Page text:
• @andy_pavlo: I am now aware of 4 major silicon valley companies building an internal distributed OLTP DBMS. Each story is almost the same: 1. They want a version of Spanner w/o TrueTime. 2. They evaluated @CockroachDB + TiDB + @Comdb2 + @YugaByte + @FoundationDB but decided to build their own
    • @allspaw: Things that do not magically cause learning from incidents happen: 1. Being “blameless” 2. Having the right “postmortem” template  3. Making anything about the post-Incident review process mandatory Potentially controversial take, I’m aware.
    • Vijay Boyapati: 9/ For many people there is little difference between what is legal and what is moral. This mindset is especially dangerous when it is held by people in power, such as Google's executives. The mindset is: if it's a legal requirement to censor, then we should do it.
    • brianwski: Thank you, that is EXACTLY the correct way to look at the failure statistics! So many people seem to sort the list by failure rate and think no matter what the cost, the lowest failure rate wins. For Backblaze, we just feed it back into the cost calculation. For example: If a drive fails 1% more often but is 2% cheaper in total cost of ownership, we buy that drive. Now, total cost of ownership includes the physical space rental so more dense drives can be more expensive per TByte in raw drive cost because we can make some of that back up in physical space rental. Also, most drives seem to take about the same amount of electricity unrelated to how many TBytes are contained inside, so double the drive density is like saying it takes half as much electricity over its 4 - 5 year lifespan. Electricity is one of our largest datacenter costs, so we keep an eye on that also.
    • Dylan Walsh: While tackling this question, a team of Stanford researchers found a remarkable result: Simply seeding a few more people at random avoids the challenge of mapping a network’s contours and can spread information in a way that is essentially indistinguishable from cases involving careful analysis; seeding seven people randomly may result in roughly the same reach as seeding five people optimally.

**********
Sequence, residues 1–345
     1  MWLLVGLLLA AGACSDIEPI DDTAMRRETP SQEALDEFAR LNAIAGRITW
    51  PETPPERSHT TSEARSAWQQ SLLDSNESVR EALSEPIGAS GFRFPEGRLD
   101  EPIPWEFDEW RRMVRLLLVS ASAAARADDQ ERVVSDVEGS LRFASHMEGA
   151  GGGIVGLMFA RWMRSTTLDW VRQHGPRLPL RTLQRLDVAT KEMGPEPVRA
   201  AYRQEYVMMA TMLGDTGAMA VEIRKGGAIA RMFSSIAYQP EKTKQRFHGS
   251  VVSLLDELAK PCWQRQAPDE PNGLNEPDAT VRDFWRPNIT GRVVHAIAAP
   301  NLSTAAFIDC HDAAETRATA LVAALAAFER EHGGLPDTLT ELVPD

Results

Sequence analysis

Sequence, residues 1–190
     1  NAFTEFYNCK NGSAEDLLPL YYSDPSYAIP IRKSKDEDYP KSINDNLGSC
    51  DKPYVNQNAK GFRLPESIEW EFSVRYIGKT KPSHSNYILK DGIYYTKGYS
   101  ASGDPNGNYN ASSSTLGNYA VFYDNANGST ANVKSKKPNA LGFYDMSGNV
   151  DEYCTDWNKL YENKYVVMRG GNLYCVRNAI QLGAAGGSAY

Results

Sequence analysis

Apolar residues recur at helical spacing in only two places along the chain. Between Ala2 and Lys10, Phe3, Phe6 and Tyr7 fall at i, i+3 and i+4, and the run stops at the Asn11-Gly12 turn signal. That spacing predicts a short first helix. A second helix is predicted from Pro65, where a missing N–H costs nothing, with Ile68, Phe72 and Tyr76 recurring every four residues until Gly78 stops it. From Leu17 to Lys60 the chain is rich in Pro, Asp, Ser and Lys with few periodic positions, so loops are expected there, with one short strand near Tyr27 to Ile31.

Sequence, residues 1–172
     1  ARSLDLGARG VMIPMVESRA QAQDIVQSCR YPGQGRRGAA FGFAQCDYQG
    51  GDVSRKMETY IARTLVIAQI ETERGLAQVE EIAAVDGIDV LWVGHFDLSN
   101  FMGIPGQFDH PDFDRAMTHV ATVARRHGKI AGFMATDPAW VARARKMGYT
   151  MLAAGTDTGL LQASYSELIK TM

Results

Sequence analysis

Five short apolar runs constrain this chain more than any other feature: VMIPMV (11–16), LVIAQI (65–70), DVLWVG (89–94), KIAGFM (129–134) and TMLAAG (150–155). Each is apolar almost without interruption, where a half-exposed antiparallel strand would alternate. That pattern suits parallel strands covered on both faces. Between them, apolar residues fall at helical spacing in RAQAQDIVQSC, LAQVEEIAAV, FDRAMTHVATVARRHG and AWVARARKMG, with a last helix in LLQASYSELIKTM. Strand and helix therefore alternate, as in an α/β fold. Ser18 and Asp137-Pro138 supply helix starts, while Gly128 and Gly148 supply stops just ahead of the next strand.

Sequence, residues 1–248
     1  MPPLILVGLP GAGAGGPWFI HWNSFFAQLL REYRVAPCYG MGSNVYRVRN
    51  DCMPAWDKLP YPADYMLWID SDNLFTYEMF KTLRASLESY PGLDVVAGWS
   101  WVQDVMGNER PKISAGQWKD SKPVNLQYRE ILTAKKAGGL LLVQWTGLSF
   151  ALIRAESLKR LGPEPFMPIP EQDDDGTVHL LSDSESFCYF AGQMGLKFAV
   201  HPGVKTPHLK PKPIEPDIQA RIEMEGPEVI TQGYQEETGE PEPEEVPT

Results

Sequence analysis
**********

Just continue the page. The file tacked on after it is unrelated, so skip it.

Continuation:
• Cory Wilkerson: A lot of the major clouds have built products for sysadmins and not really for developers, and we want to hand power and flexibility back to the developer and give them the opportunity to pick the tools they want, configure them seamlessly, and then stand on the shoulders of the giants in the community around them on the GitHub platform
    • Geoff Huston: What do the larger actors do about routing security? Chris Morrow of Google presented their plans and, interestingly, RPKI and ROAS are not part of their immediate plans. By early 2019 they are looking at using something like OpenConfig to comb the IRRs and generate route filters for their peers. RPKI and ROAS will come later.
    • Nina Sparling: The most basic unit of food computing is the personal food computer, now in its 2.1 edition. It consists of a plastic container affixed to a metal frame outfitted with sensors, microcomputers, lights, and electrical wiring. The machine grows plants in a tub similar to what cafes use to collect dirty dishes. A floating styrofoam tray fits snugly inside and has evenly spaced holes where the plants grow.
    • Chip Overclock: What happens between the beats of this hypothetical Planck-frequency oscillator? The question has no meaning; we believe one Planck time is the smallest possible interval that can occur.
    • Netflix: a growing number of employees are becoming involved in developing content as we migrate to self-produce more of our content vs. only licensing original and non-original content
    • Mark Fontecchio: And as more money goes into new strategies beyond consolidation, the largest deals have fetched higher multiples. According to the M&A KnowledgeBase, in the 10 largest acquisitions this year, targets fetched a median 4x trailing revenue, compared with less than 3x among 2015’s biggest.
    • Ann Steffora Mutschler: According to Purdue University researchers, every two seconds, sensors measuring the U.S.’ electrical grid collect 3 petabytes of data – the equivalent of 3 million gigabytes. Data analysis on this scale is a challenge when crucial information is stored in an inaccessible database but the team at Purdue is working on a solution, combining quantum algorithms with classical computing on small-scale quantum computers to speed up database accessibility.
    • Joel Hruska: Intel Retakes Performance Lead, but AMD Has a Death Grip on Performance Per Dollar
    • Ernest Mueller: That’s why SRE is a Big Lie – because it enables people to say they’re doing a thing that could help their organization succeed, and their dev and ops engineers to have a better career and life while doing so – but not really do it.